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The average cost per claim for medical care of injured workers under the workers’ compensation system is lowest in Massachusetts among the eight large states examined in a new study by the Workers Compensation Research Institute (WCRI) in Cambridge, MA. The lower cost results in large part from a lower medical utilization rate — numbers of visits and services provided to injured workers by physicians, chiropractors, physical therapists, and hospitals.
The study of eight states, which represent 40% of the benefits paid in the nation’s workers’ compensation systems, found these results for Massachusetts:
• Medical costs are the lowest of the eight states primarily because fewer services are being delivered.
• With scheduled fees among the lowest in the nation, payments per service are generally lower in most service groups with the exception of several types of services billed by hospitals, in particular, facility charges and emergency services.
• Given the relatively low fee schedule, the fact that the payment per service for many MD/DO (doctor of osteopathy) services is similar to the median of the states analyzed is surprising. It is likely that MDs/DOs render or bill for a mix of higher-fee services than is found in other states in the study.
• Hospitals are involved in more claims than average and when involved, patients have more visits than in other states in the report.
• Physical therapy is involved in far fewer claims than is typical of the states in the study and when involved, fewer services are provided.
The data in the reference work, The Anatomy of Workers’ Compensation Medical Costs and Utilization, identify where workers’ compensation medical dollars go and how costs and utilization differ across eight states: California, Connecticut, Florida, Georgia, Massachusetts, Minnesota, Pennsylvania, and Texas.
"This reference work is designed to improve the decision-making process of public officials and business people seeking to target cost drivers and benchmark system performance in Massachusetts and other states," says Richard Victor, MD, executive director of the independent, not-for-profit research organization. "Policy-makers in Massachusetts may want to ask whether its relatively low rates of utilization for many services indicate that access to care is limited because of its low fee schedule."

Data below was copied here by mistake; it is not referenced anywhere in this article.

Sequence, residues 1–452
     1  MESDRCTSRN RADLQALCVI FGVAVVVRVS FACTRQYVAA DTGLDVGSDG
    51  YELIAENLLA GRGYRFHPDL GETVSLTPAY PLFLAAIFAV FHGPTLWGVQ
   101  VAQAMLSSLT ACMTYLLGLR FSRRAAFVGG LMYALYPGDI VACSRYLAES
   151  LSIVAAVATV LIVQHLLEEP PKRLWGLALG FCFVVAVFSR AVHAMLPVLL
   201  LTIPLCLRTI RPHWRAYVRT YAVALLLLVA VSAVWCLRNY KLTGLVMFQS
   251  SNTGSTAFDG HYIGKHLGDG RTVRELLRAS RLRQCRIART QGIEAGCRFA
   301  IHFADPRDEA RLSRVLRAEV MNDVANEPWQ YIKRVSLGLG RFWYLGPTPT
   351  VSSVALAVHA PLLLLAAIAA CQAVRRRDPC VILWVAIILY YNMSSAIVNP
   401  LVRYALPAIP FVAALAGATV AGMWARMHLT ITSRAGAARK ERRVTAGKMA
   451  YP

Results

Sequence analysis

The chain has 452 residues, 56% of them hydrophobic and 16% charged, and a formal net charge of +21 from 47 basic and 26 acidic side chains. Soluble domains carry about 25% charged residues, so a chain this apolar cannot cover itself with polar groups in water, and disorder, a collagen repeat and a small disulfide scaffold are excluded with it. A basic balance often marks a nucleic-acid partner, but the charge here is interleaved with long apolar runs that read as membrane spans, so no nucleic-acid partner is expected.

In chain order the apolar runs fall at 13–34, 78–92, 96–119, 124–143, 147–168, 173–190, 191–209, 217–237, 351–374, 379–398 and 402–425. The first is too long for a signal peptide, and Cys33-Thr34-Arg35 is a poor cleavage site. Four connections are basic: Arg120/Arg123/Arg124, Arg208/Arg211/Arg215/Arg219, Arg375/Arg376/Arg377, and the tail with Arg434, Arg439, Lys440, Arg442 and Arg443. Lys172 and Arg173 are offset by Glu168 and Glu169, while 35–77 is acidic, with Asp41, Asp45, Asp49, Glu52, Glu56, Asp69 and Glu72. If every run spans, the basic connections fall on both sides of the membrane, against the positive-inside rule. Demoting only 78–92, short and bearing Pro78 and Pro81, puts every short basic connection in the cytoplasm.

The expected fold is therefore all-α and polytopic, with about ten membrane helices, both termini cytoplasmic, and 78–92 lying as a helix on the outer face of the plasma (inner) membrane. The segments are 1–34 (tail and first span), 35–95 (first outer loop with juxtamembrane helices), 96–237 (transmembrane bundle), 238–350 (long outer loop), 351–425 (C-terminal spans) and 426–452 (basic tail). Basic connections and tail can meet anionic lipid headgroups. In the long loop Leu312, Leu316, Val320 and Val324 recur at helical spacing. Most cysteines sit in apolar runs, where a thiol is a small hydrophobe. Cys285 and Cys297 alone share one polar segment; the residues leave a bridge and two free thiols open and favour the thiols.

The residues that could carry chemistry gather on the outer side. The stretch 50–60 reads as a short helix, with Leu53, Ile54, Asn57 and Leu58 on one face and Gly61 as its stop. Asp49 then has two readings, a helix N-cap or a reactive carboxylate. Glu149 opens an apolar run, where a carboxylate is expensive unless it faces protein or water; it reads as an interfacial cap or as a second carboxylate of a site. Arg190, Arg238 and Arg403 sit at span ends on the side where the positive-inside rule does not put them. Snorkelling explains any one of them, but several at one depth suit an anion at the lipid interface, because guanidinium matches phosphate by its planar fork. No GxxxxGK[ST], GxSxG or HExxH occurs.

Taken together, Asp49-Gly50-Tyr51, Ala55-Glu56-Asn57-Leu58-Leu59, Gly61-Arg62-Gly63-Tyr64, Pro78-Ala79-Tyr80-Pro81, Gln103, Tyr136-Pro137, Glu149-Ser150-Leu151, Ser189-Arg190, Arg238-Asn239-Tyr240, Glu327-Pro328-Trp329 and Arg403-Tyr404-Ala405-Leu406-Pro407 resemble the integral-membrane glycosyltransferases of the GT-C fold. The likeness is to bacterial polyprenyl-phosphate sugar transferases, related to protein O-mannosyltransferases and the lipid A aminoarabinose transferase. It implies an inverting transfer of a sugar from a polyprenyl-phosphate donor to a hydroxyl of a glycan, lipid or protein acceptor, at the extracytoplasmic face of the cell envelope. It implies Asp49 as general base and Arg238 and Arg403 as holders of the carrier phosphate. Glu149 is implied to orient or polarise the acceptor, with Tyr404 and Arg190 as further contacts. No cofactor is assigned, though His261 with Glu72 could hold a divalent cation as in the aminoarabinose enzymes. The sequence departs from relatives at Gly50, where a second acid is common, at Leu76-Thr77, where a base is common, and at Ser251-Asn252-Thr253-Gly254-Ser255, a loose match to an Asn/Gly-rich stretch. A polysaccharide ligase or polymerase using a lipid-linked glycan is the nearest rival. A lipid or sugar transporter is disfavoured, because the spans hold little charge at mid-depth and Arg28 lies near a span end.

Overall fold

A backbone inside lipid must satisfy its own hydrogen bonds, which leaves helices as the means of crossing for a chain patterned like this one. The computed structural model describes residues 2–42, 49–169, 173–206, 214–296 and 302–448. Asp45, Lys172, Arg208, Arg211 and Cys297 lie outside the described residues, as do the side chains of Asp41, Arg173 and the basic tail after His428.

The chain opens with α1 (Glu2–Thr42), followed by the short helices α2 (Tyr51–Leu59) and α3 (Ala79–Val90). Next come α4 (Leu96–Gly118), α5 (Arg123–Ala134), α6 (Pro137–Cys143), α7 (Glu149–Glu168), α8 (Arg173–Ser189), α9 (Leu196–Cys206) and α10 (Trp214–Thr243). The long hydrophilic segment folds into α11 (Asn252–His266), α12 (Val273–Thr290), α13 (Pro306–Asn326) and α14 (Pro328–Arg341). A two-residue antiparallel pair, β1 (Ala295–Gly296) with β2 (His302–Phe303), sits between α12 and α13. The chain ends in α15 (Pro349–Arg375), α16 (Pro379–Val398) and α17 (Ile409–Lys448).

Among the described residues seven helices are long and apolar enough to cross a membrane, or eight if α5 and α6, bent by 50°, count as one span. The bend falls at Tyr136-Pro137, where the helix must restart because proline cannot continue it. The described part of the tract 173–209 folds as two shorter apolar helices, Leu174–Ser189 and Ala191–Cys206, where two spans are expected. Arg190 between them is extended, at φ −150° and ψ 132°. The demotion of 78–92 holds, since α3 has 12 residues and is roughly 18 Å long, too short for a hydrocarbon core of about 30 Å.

The study reported that Massachusetts had the lowest average medical claim cost ($3,028) among the eight states studied. This is clearly a function of lower utilization in terms of fewer visits per claim, nearly 10% less than the median, and fewer services per visit, nearly 38% less than the median of the eight states.
The study pointed out that Massachusetts has among the lowest scheduled fees for medical services of any state in the nation. As a result, it is not surprising that the average payment per service to chiropractors and hospital providers is below the equivalent in the median of the states analyzed. What is surprising, according to the study, is that the average payment per service to MDs and DOs is similar to the median of the eight states.
The study found that hospitals in Massachusetts are involved in 22% more claims than is typical of the states surveyed. Moreover, when hospitals are involved, the number of visits per claim is 34% higher than the median of the eight states. However, the number of services provided per visit is more than one-half that of the median state.
The study noted that the average cost per claim for all hospital services — medical, surgical, and diagnostic — is lower than the eight-state median value. This is particularly true for minor radiology procedures, minor surgery, and office visits. In each case, lower cost is a function of fewer visits combined with lower payments per service.
On the other hand, the average payment per service for physical medicine and supplies and equipment is near the eight-state median level. The study also reported that hospitals in Massachusetts are involved in more claims requiring emergency, physical medicine, and minor radiology than are hospitals in the median state in the study. The average payment per service for emergency treatment and both inpatient and outpatient hospital services is significantly higher than average for the eight states, according to the study.
"That hospital payments are higher than average may have to do with the fact that the hospital fee schedule in Massachusetts is based on discounted charges that are somewhat higher than the schedule that sets physician fees," Victor says.
WCRI is a nonpartisan, not-for-profit membership organization conducting public policy research on workers’ compensation, health care, and disability issues. Its members include employers, insurers, insurance regulators, and state regulatory agencies in the United States, Canada, Australia, and New Zealand, as well as several state labor organizations.
[For more information or to purchase the study ($95 for WCRI members, government agencies, and nonprofit organizations; $495 for all others) contact Jill Lawson at firstname.lastname@example.org or call WCRI at (617) 661-9274.]